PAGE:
complement the tools described in the main text. Others detail real-
world experiences with struggles that all academics encounter,
from those that precede the advent of doctoral training to those
Figure 1.2. Structure of the book by
content, chapter, and act.
reveal in lucid detail inspirational experiences that exemplify
what makes a research career worth pursuing. Collectively, the
three strategies breathe life into the academic tools described in
the book, and reveal their functional properties when applied to
scholarly work.
Organizational Structure of the Book
In this chapter, we discussed the rationale for the book,
our focus on Emerging Academics like you, the academic tools
for building a research program, and the strategies to facilitate
learning the tools. How do we package all this knowledge to
optimize its utility? As seen in Figure 1.2, I organized the book
so that each chapter builds on material from previous chapters.
two academic tools revealed in the book, the Shared Universe tool.
Chapter 4 covers all of the principles underlying the tool, and in
Chapters 5 through 9 we apply these principles to the academic
tasks germane to Acts I and II of the book (i.e., mentoring and
peer review). With Act III, we repeat this process for the Trilogy
tool. Chapters 10 and 11 present the rationale for learning the
tool; Chapter 12 covers its underlying principles; and in Chapters
13 through 16 we learn how to apply the tool to developing a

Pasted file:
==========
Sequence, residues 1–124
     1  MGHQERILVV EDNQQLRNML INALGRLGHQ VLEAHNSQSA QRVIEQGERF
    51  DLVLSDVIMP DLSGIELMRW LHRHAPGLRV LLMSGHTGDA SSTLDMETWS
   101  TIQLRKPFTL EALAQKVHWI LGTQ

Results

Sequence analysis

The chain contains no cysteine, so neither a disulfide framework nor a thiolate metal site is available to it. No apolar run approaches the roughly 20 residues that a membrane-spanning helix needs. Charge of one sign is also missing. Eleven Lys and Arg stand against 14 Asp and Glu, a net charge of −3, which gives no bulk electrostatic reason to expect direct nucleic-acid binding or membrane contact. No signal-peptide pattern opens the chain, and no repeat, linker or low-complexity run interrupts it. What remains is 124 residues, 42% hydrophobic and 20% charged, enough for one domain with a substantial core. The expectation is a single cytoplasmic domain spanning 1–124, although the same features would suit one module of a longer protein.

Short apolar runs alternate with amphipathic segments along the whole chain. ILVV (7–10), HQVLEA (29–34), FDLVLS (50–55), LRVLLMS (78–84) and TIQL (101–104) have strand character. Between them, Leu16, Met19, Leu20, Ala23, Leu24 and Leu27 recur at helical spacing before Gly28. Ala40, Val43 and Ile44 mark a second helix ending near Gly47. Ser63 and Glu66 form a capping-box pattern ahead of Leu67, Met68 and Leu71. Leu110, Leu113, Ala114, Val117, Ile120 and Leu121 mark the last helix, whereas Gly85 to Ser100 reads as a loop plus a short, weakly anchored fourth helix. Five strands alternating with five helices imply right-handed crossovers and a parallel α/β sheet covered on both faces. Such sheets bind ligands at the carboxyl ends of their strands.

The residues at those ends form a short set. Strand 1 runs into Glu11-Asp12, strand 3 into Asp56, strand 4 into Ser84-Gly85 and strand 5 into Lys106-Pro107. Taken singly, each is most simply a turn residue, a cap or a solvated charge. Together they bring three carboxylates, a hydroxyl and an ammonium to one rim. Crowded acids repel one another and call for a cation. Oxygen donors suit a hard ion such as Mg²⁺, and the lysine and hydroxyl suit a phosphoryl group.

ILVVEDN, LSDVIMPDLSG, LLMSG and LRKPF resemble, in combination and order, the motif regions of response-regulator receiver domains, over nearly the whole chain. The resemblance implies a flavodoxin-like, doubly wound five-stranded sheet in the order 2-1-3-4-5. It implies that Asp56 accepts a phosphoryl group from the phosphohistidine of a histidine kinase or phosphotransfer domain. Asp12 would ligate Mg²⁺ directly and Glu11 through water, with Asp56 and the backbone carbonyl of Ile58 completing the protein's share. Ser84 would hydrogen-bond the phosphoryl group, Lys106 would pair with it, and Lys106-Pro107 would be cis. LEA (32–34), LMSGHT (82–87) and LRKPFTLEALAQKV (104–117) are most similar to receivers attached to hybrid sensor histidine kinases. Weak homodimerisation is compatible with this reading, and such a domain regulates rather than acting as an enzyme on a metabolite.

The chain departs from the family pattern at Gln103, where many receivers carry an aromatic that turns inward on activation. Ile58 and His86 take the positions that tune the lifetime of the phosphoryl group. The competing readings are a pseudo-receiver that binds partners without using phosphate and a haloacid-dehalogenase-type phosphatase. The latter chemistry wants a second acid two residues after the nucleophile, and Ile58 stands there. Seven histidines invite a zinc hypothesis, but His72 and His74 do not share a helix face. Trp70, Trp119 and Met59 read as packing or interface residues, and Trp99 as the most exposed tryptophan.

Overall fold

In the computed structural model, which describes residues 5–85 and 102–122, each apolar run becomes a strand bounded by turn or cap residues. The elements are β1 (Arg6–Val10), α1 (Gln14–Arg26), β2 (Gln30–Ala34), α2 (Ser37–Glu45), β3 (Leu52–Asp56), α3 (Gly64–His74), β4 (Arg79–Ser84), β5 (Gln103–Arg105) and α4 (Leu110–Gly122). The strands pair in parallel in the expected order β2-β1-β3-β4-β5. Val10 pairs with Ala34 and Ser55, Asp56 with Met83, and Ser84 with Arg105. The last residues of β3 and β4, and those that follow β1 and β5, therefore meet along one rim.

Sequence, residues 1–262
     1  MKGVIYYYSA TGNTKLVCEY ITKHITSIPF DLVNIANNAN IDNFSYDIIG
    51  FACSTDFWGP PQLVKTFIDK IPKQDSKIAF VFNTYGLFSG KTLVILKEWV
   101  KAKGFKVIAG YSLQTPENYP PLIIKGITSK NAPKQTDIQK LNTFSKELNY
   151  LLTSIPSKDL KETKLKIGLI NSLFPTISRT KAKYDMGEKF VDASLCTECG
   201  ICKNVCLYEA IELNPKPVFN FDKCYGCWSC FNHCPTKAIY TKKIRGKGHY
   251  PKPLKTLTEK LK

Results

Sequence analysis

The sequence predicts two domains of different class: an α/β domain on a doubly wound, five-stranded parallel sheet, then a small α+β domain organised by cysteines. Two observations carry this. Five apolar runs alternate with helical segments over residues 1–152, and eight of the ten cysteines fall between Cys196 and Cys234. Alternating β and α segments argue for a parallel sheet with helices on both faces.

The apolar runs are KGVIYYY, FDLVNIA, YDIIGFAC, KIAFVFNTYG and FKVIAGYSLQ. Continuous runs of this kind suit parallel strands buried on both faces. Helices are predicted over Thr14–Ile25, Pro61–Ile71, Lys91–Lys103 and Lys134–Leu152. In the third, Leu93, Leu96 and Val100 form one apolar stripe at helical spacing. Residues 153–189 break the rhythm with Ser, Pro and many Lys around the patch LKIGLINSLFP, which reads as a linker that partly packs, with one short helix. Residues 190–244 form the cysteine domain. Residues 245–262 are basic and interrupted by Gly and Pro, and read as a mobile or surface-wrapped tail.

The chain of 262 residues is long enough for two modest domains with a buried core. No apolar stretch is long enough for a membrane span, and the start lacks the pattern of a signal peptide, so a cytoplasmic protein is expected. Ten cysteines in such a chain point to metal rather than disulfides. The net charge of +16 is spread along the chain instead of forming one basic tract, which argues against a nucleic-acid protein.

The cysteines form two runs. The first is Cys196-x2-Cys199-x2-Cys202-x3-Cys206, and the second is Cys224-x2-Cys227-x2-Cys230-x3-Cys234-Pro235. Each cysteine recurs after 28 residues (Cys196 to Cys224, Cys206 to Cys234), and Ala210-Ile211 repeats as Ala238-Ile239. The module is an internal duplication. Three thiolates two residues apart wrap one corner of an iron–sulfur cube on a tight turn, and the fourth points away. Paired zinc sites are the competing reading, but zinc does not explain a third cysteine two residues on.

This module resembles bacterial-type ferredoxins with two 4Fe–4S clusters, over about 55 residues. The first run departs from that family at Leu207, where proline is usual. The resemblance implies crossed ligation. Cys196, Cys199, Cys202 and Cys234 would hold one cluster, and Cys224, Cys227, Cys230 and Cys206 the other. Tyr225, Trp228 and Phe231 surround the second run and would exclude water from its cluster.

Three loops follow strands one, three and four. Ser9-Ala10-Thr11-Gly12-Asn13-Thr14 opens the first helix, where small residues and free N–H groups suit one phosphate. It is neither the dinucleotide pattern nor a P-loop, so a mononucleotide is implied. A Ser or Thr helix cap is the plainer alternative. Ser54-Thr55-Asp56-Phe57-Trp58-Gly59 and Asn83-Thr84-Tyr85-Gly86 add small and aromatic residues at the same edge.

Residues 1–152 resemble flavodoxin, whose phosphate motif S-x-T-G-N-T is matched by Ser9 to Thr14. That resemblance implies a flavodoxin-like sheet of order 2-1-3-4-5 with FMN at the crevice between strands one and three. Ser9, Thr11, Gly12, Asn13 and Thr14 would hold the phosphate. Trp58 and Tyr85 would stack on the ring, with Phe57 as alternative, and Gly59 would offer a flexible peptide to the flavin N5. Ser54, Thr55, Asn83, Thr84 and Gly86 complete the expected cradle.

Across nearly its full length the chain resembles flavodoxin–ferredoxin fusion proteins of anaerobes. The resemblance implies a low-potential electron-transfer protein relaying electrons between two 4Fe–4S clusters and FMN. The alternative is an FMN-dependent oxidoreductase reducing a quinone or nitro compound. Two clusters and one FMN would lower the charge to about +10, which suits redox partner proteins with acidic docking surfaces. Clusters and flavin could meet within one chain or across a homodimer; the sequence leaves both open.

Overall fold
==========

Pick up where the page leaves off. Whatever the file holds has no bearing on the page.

compelling account of your work (i.e., research program).
I want to close this chapter with two comments. First, as with
all readers of this book, I suspect that some of the tools I reveal
to you may be catching you at just the right time. Perhaps you
picked up this book as you await the decision on a manuscript
you submitted to a publication outlet. You might be on the cusp
ofbeginningyour rstjobsearch.Some ofyoumighteven beat
the beginning of your journey in doctoral training, applying to
program. For each of you, only some of the tools we discuss may
be of relevance to your work right now. What this means is that,
on occasion, you may feel the need to take a break from our time
together and wait for the right moment to return. That is ne,
and I constructed the chapters with this possibility in mind.
For instance, later chapters include reminders of key concepts
presented in earlier chapters, so as to reduce the need to return to
earlier material to understand the tools we discussed where you
left off.
Second, please read the whole book. A prevailing theme in
our time together involves the interconnected nature of scholarly
work. If only some of the material is of relevance to you right now,
I guarantee you that all of the material will be relevant to people
with whom you meet and work during your career. I am asking
is that you will pay it forward. Permit me to explain. I see many
of the students I mentor in my academic work—my own Emerging
Academics—more often than I see close family and relatives. They
comprise key components of my scholarly Galaxy: a metaphor I
leverage throughout this book to describe mentored scholarship.
Ifyou ndsuccessinacademiaandbeginaresearchcareerthat
involves raising your own Emerging Academics—creating your
own scholarly galaxy—then please impart the tools in this book to
your students. Don’t wait until they graduate and look for work.
To those who will eventually see you as their mentor, reveal these
tools to your students early and often. We begin our journey with
learning about Burning Questions: the topic of inquiry that propels
a scholar’s research program.